Book Review: Jim Tolpin's The New Traditional Woodworker
by J. Norman Reid
The current revival of interest in hand tools has summoned forth a number of good books to ease the transition away from power tools. One of the best—if not the best—is Jim Tolpin's The New Traditional Woodworker.
Tolpin covers a lot of ground in this essential work. In fact, his subtitle says it all: From Tool Set to Skill Set to Mind Set. He starts with an overview of the decisions that need to be made in setting up a hand tool woodshop and designing a workbench. This section is a basic overview that will be of most use to those just starting out. More in-depth treatments of these subjects are available elsewhere.
Tolpin reserves a much larger section to review the wide range of tools that have a place in a hand tool-oriented shop. For the uninitiated, this provides an essential scoping of the subject area and introduces tools that may well be unfamiliar, despite their usefulness. Again, this is more of an overview than an in depth treatment on the topic. You will want to look to other sources more in depth reviews of many hand tools—especially hand planes.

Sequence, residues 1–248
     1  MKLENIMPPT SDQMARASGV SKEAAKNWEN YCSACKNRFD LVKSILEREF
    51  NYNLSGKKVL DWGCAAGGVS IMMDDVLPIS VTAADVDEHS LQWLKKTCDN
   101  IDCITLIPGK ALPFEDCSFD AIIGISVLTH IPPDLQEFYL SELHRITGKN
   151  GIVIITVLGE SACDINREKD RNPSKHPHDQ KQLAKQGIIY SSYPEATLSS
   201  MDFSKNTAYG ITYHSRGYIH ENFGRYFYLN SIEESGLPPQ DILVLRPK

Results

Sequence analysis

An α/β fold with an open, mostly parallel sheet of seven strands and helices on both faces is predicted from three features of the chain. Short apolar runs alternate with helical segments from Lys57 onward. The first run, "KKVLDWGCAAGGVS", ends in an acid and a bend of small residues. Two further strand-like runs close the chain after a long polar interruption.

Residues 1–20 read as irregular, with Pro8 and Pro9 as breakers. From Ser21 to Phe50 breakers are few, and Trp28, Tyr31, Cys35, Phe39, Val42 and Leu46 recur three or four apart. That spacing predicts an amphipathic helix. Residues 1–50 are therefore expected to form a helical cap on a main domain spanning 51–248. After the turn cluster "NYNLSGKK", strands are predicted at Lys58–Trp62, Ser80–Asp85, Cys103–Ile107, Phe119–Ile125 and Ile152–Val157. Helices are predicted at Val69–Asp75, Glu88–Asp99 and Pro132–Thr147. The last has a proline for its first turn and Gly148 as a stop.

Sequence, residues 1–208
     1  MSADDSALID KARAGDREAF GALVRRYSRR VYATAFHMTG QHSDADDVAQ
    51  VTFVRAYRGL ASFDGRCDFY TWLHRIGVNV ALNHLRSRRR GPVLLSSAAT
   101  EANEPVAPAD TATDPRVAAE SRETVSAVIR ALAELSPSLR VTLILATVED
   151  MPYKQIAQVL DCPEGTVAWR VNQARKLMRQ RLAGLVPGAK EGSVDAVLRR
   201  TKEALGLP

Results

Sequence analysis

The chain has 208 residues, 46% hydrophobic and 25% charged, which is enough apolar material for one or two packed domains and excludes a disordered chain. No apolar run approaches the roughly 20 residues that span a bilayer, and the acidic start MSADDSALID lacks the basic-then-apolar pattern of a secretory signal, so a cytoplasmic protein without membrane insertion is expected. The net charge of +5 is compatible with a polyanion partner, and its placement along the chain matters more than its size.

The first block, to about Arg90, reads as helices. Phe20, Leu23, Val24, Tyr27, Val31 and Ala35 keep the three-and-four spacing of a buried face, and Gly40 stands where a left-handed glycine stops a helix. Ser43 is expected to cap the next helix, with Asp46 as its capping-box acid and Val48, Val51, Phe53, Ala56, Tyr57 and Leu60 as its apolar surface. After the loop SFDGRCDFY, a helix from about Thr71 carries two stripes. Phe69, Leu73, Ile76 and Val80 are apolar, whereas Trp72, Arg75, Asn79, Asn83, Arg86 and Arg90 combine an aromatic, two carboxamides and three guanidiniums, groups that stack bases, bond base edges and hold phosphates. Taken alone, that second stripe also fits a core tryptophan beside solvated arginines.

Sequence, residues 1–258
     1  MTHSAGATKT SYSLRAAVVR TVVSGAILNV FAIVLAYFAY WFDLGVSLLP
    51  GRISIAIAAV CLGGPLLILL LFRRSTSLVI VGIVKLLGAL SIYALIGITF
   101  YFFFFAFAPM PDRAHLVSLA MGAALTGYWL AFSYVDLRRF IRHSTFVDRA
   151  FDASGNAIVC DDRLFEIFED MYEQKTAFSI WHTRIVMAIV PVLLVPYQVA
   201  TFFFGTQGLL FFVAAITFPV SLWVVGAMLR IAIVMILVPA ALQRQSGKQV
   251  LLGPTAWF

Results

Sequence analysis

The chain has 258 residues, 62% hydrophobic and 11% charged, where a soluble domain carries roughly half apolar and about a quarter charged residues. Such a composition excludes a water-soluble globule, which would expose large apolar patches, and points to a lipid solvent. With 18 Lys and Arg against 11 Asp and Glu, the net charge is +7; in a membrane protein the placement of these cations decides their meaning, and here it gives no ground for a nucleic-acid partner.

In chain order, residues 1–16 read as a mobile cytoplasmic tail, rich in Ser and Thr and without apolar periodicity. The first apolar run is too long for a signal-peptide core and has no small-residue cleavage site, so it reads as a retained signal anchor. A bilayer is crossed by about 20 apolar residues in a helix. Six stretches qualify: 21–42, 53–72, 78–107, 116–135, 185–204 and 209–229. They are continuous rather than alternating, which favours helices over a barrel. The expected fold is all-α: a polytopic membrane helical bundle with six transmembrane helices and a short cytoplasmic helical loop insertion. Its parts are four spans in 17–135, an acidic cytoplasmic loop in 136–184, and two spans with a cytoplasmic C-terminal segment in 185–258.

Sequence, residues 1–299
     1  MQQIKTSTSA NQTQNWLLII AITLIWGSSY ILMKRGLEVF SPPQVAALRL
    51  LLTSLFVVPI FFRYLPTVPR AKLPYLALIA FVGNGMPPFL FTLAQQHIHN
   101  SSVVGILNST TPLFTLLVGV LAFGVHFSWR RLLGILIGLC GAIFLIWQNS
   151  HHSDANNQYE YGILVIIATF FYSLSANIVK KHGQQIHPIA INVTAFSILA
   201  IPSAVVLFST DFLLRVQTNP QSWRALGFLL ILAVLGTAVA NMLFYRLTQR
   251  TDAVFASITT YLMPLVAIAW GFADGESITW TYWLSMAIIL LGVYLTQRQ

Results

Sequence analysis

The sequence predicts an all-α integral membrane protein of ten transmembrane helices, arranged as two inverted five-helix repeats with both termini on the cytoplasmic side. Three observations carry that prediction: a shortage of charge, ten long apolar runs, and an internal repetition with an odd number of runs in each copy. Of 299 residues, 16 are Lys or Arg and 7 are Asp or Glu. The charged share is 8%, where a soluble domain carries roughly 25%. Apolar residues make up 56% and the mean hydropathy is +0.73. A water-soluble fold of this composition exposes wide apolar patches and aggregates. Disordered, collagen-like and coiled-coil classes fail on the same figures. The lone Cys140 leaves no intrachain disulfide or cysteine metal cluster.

A unique part of Tolpin's book is a short section on the shift in mindset that facilitates hand tool-oriented woodworking. Among the principles Tolpin emphasizes are getting and keeping sharp tools, finding the simplest way to complete a task, working from coarse to fine, knowing when "good enough is good enough," minimizing mistakes and using geometry to trump arithmetic.
The lion's share of the book is given over to the construction—by hand, of course—of a variety of tools and fixtures that play important roles in a hand tool woodshop. Among these are a straight edge, try squares, winding sticks, a face planing stop, bench hooks, an edge planing stop, a sticking board, workbench tote, saw benches and bows for drawing arcs. Each project is designed to develop hand tool skills that build on each other as you progress through the projects. Often, tools built earlier are used in creating later projects. Each project is carefully described from initial design to finishing and is amply illustrated with excellent photographs of construction steps.
This extremely well-written book uses a pleasant conversational style that made me feel right at home in adding hand tool techniques to my woodworking procedures. Already I've built three of the shop projects and eagerly look forward to more.
Woodworkers who are starting out with hand tools, making the transition to a hand tool woodshop or wanting to make more use of hand tools to supplement their power tools will find this book to be a valuable resource. Likewise, the armchair woodworker seeking an interesting read will find a good one here. And, woodworkers who already have some hand tool experience who seek to strengthen their hand tool skills and tool collection will find inspiration and solid advice.
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The author is a woodworker, writer and photographer living in Delaplane, Virginia, in the foothills of the Blue Ridge Mountains with his wife, four cats and a woodshop full of power and hand tools.
He can be reached by email at